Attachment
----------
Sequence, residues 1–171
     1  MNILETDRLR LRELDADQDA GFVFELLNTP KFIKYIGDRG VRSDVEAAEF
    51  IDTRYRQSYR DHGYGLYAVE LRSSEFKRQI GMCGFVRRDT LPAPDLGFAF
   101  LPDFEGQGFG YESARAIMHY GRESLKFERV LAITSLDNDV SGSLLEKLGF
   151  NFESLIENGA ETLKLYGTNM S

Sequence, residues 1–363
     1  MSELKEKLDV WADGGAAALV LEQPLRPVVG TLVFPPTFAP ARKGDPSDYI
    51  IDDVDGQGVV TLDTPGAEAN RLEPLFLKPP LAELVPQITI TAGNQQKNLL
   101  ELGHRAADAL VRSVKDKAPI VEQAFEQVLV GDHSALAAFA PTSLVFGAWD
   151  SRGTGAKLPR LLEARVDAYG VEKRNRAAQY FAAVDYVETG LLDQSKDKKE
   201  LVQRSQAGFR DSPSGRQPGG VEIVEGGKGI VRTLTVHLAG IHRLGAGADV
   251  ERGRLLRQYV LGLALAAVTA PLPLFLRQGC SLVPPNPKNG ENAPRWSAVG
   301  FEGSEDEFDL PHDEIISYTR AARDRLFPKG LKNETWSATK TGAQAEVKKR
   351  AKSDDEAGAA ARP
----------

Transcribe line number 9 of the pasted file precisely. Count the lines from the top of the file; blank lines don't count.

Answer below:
   101  ELGHRAADAL VRSVKDKAPI VEQAFEQVLV GDHSALAAFA PTSLVFGAWD